In his decision to leave home, he decides he wants to leave absolutely everything; who he is and everything he owns. To do so, Christopher changes his name to Alexander Supertramp, he donates his savings to charity (under his new alias), and abandons his car. He makes his escape completely untraceable. This shows just how serious he was about his decision. It wasn't until about two years later that he again referred to himself as Christopher McCandless. He died shortly after this and I think it was a key detail in his journey. I think if he would have remained "Christopher," throughout, he could have saved himself from the mistaken plant. He believed so much in "calling everything by its proper name" but didn't practice this to a T.
When Chris is talking to his friend Ron, he tells him "you're wrong if you think that the joy of life comes principally from the joy of human relationships." Though this was his true feelings basically throughout his entire journey, his opinion changed. Chris didn't set out to find out he is, he already knew that; he ended up finding a new part of himself. He came to understand that "happiness is only real when shared."
I think when he originally set out on this new life, he was so caught up and overwhelmed with the vast majority of society living life the way he couldn't stand living, that he was blind to the fact that there are others that feel the same way he does. The relationships he developed along the way opened his eyes, and his heart as well. It wasn't until this love he felt for these people so similar to him that he came to the realization that you need to share happiness versus his original opinion on the joys of life, in order to truly live happily.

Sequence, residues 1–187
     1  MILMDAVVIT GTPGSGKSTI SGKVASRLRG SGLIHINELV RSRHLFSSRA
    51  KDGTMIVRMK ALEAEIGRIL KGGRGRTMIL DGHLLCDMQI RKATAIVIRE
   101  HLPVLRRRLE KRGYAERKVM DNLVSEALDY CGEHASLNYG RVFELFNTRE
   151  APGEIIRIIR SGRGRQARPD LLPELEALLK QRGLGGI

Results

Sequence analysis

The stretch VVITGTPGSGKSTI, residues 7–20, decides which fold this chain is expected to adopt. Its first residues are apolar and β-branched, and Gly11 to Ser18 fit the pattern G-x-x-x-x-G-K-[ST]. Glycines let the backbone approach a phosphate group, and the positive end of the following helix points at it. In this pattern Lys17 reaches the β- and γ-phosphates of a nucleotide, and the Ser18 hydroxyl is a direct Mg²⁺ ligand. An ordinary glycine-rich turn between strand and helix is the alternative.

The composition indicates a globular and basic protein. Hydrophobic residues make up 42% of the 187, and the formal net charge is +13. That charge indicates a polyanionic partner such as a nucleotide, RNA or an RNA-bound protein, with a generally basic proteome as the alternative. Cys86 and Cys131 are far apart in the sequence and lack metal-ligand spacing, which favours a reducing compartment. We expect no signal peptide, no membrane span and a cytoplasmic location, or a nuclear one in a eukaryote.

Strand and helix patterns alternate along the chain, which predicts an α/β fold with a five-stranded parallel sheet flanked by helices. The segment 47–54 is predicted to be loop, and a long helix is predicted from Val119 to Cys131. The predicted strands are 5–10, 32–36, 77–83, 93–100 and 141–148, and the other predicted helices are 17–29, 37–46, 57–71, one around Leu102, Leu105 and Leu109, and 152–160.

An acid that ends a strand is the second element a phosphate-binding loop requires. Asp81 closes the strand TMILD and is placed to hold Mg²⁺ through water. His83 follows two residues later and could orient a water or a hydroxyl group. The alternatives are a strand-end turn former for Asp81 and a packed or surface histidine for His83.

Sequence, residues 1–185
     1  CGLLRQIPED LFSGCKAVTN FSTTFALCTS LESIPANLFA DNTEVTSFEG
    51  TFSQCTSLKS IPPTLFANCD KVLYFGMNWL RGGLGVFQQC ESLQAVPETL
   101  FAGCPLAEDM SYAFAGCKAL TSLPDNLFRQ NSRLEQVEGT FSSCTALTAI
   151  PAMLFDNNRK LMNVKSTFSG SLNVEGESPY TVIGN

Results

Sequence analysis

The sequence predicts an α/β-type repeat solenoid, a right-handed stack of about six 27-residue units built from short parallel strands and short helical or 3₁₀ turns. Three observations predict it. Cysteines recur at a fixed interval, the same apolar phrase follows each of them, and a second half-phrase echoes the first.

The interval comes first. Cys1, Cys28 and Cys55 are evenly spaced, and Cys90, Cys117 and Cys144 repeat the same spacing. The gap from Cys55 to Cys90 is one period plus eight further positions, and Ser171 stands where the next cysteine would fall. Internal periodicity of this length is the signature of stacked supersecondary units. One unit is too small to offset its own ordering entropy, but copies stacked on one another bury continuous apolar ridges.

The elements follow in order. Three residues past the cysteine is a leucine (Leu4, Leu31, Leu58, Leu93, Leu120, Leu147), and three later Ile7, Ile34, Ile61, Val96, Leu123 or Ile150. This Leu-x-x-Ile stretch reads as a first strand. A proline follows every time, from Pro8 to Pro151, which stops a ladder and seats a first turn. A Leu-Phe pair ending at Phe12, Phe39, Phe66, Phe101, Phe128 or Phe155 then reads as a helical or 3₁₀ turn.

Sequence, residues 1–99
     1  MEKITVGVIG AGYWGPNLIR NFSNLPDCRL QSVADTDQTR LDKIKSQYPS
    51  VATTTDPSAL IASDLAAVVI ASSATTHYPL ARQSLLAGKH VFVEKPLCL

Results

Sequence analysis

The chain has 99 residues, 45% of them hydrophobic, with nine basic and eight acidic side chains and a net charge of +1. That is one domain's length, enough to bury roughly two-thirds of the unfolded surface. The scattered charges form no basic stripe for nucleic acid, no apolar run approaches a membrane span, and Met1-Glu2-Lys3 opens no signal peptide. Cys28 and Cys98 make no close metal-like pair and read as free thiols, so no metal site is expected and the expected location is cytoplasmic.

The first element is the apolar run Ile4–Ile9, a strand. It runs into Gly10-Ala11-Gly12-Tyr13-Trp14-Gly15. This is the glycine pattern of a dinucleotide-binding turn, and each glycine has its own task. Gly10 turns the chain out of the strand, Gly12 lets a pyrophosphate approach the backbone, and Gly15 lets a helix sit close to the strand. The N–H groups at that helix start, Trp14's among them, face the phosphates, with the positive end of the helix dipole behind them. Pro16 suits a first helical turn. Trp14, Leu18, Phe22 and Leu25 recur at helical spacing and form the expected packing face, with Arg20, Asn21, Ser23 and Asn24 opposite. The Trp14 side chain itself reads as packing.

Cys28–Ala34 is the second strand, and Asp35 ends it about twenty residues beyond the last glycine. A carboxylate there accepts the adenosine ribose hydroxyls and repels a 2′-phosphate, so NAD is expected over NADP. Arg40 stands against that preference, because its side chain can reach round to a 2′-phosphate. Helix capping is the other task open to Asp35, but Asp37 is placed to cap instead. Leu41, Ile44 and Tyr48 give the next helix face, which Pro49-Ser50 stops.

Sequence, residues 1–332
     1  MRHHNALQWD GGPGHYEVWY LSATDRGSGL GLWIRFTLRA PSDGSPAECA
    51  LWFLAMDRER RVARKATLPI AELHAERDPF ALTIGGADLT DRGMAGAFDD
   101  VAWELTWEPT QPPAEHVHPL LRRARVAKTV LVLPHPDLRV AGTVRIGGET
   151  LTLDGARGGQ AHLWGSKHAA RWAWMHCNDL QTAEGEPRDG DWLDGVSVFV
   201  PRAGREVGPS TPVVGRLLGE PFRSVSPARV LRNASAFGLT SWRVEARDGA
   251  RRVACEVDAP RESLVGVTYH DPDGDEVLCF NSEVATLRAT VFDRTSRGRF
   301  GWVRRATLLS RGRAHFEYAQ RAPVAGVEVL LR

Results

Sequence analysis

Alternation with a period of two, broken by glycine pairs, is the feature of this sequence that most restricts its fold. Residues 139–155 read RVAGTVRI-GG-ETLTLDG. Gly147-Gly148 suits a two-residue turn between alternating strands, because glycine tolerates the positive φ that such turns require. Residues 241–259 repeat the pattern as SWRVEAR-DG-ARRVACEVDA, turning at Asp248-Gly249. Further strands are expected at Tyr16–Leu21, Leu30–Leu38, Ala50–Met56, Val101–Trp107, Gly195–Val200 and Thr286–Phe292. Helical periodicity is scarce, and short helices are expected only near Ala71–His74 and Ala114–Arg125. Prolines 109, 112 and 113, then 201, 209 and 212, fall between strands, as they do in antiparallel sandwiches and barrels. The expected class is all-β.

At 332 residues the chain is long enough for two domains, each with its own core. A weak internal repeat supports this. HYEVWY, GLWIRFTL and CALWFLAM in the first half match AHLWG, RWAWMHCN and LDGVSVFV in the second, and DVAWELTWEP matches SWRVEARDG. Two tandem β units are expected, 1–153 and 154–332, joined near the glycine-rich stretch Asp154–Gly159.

Chris really wasn't that much different from a lot of young adults. Even though he went to the extreme, the fact of the matter is Chris was finding himself just like you and me; he was testing himself without fully realizing how much he really was. Obviously he took things very far, but I think he got almost exactly what he wanted out of the journey, and much more, despite his plan to eventually return back to society.
Throughout this essay, I struggled in more ways than one. I really wasn't a fan of this essay format because I didn't understand it. Once I got a firm grasp on it though, I thought it was a fun way to write. Another way I struggled was that I really didn't feel a strong connection with this topic; it just wasn't something that screamed out to me. My goal for this piece was to help people realize that you really never stop learning about yourself no matter who or what you are surrounded by. Chris' outlook on happiness and relationships changed drastically during his journey. For my sources I searched for articles and other essays written about Chris McCandless. I didn't search for anything in particular, I just wanted to learn more about him and see other peoples thoughts in order to get a better understanding for myself.
- Christopher McCandlessaka Alexander Supertramp. (n.d.). Retrieved December 05, 2016, from http://www.christophermccandless.info/into-the-wild-essays/jessica-robbins-intothewild.html
- Christopher McCandlessaka Alexander Supertramp. (n.d.). Retrieved December 05, 2016, from http://www.christophermccandless.info/
- M. (2013). Into The Wild (2007) - Ending "Happiness Is Only Real When Shared" Retrieved December 05, 2016, from http://www.youtube.com/watch?v=x2k-oo2TT-0
- ”Quotes.” IMDb.com, n.d. Web. 27 Nov. 2016.”